Unix & Linux Stack Exchange is a question and answer site for users of Linux, FreeBSD and other Un*x-like operating systems. It's 100% free, no registration required.

Sign up
Here's how it works:
  1. Anybody can ask a question
  2. Anybody can answer
  3. The best answers are voted up and rise to the top

I have a python script which I would like to run in the background. So I do this:

$ nohup python script.py &

If I am frequently making changes to the script, I need to terminate the process and run the script again.

$ kill -9 <pid_of_bg_process>
$ nohup python script.py &

Is is possible to reload the process without terminating it?

share|improve this question
up vote 5 down vote accepted

Short answer - no.

Long answer: You are actually calling a python interpreter. That interpreter loads the script.py and parses it.

If you change the script it has to reload the file and start from the beginning, since the interpreter has no way to know which part was changed.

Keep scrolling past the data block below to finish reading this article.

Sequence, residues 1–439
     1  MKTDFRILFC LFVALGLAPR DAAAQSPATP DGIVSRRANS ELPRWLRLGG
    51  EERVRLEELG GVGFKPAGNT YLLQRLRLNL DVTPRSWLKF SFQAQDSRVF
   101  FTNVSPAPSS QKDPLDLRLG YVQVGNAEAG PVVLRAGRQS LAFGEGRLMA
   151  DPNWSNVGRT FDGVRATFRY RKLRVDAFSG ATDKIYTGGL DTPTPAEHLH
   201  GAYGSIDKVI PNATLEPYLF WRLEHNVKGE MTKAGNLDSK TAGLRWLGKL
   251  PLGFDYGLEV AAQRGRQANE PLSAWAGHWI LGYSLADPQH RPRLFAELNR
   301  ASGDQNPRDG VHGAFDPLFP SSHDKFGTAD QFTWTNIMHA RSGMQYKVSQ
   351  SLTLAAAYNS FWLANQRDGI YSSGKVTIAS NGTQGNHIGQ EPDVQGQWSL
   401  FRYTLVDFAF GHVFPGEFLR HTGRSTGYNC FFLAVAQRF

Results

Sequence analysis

Now if your goal is to simply signal python to reload/restart the script, you can wrap it into a shell-script:

LINE="python script.py"
  pkill -f "$LINE"
  exit 0
trap stop 1
trap clean 9 15
while true
    $LINE &

You can now start that shell-script (in background, with nohup, if you like). If you send a HUP signal to it, it will restart your python process.

If you kill the wrapper process the python script will terminate, too.

I did not test my script - but the idea should be clear.

share|improve this answer
I had also planned to create a wrapper script too, since I had a feeling that what I asked might not be possible. But my thought was vague and your script puts me in a good direction. Thank you so much. – Nanda Apr 27 '12 at 0:43

you can use kill -USR1 PID or pidof script.py also -9 is brutal to terminate the process , try -15 for graceful exit .

share|improve this answer
I thought 9 was for SIGTERM and I was wrong. Thank you for pointing it out. 15 was what I intended to use as well. – Nanda Apr 27 '12 at 0:39

Your Answer


By posting your answer, you agree to the privacy policy and terms of service.

Not the answer you're looking for? Browse other questions tagged or ask your own question.